Playdough is everywhere. Not only has he done collaborations with artists like Heath McNease and RedCloud,
and been apart of several hip hop groups (Phonetic Composition, Ill Harmonics and Deepspace 5), as well as being an instrumental
art supply when I was a kid, but he also has his own career. He first debuted his solo skills on his 2002 album
Lonely Superstar, and then returned with his sophomore album last year, entitled Don't Drink The Water.
What exactly does Playdough mean by "Don't Drink The Water?" Does he want us to dehydrate? Not so much. It's a metaphor.
The world offers us so much evil, but puts it out there with the label of "good." And we see it, and have the temptation to think
"Oh, it looks like it's good for me, so it must be." But when we put it up to the light of God, we see it for the poison that it
really is. As Playdough says in the title track of the album, "Hold that glass to the light and notice, what's blurred in the dark
is exposed in focus, it's metaphoric but you can still take it literal, floating upside-down they poisoned the mineral." The
theme of not drinking "the water" is expressed throughout the album. Most of it touches on the fickleness and fakeness of the world,
from the expectations of what to look like in the title track ("What should I drive, what should I wear, we all care, what they say
is alright so highlight your hair, do it just like this and wear your shirt like that, pull up your jeans magazines say you look too
fat"), to the emptiness of today's popular music in "You Sound Funny" ("I'm only told once, to be quick and come up with an
album the world wants, and so my crew flaunts bling while we sing, and keep it real cause we all know it ain't about skill").
Playdough's lyrical skills are hard to match. Incredible talent is present in his vocals and his flow. And he uses his gift to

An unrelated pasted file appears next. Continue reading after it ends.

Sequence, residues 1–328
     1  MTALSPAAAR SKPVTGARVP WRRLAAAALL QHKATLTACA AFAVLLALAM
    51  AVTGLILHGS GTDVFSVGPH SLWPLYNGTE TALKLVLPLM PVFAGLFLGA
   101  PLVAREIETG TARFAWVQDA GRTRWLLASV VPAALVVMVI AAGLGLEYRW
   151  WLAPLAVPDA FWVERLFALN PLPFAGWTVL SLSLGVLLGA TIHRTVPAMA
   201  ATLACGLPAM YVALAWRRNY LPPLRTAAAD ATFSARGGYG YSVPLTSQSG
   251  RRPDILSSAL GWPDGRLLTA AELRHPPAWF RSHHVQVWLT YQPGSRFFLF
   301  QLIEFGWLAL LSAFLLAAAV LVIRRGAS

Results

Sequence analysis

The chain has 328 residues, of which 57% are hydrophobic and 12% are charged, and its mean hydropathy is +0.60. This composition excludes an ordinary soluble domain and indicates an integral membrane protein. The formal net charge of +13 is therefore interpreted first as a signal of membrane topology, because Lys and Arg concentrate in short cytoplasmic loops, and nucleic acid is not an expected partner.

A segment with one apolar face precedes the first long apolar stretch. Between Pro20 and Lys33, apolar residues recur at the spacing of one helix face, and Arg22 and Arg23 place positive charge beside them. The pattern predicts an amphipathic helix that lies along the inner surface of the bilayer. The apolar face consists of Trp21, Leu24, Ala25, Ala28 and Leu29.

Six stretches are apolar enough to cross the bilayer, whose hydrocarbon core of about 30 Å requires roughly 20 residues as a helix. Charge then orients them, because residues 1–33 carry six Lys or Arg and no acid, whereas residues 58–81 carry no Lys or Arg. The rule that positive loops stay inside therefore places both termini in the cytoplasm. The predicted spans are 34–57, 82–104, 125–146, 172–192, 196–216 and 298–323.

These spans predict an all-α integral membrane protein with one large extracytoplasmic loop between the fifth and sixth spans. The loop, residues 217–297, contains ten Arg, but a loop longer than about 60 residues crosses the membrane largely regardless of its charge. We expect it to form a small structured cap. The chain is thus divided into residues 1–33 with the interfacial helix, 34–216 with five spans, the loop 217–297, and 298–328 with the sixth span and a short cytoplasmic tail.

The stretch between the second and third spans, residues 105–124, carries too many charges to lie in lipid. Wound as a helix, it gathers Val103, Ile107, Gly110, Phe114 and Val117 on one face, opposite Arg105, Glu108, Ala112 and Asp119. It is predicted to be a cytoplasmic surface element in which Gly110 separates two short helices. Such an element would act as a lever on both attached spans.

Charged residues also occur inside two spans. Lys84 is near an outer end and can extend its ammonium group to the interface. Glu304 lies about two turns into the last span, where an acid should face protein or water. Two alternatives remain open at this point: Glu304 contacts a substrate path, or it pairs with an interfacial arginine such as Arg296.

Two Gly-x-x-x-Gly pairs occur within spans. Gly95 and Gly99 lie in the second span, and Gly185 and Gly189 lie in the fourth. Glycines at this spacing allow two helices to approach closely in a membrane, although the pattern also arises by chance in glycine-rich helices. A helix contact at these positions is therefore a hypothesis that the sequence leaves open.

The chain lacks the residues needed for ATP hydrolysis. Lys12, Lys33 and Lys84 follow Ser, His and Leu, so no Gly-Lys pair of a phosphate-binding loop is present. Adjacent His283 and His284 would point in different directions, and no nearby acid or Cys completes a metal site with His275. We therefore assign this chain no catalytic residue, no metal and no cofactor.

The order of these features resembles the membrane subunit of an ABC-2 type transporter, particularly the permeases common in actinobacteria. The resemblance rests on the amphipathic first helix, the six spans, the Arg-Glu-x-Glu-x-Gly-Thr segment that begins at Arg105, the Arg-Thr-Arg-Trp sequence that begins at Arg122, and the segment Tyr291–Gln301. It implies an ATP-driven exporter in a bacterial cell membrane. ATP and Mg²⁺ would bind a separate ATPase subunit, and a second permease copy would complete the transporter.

try to reach out to those lost in the world. In his song "Saddle Up," he says "So let's speak, what could be done to change this,
and wake up the mind of today's teenagers." "Sandal Sole" is a song about the hardships of traveling ministry, from making
little to money right on down to calling a nearby friend who has a place to stay for the night. It features great music and a
fantastic beat, and it's accompanied by the vocals of none other than...Kevin Max? As strange of a pairing as this might sound, the
former dc Talk member's unique and almost-eerie vocals mix well with the chorus of the song. Other favorites on the album include the
infectious party song "Tip Your Hat," the slow but hard-hitting "The Difference," and "Huh!", which is the album highlight musically.
Whether it's the lyrics, the flow, the beats, or even the little spoken lessons featured at the end of several songs, there
isn't much to not like on Don't Drink The Water. Brilliance shines through on every track from beginning to end.
Definitely a recommendation for fans of great sound and production, as well as fans of good music. If you want comparisons to
other artists, think of hip hoppers Mars ILL, Ohmega Watts, or The Procussions.
- Review date: 10/4/07, written by Scott Fryberger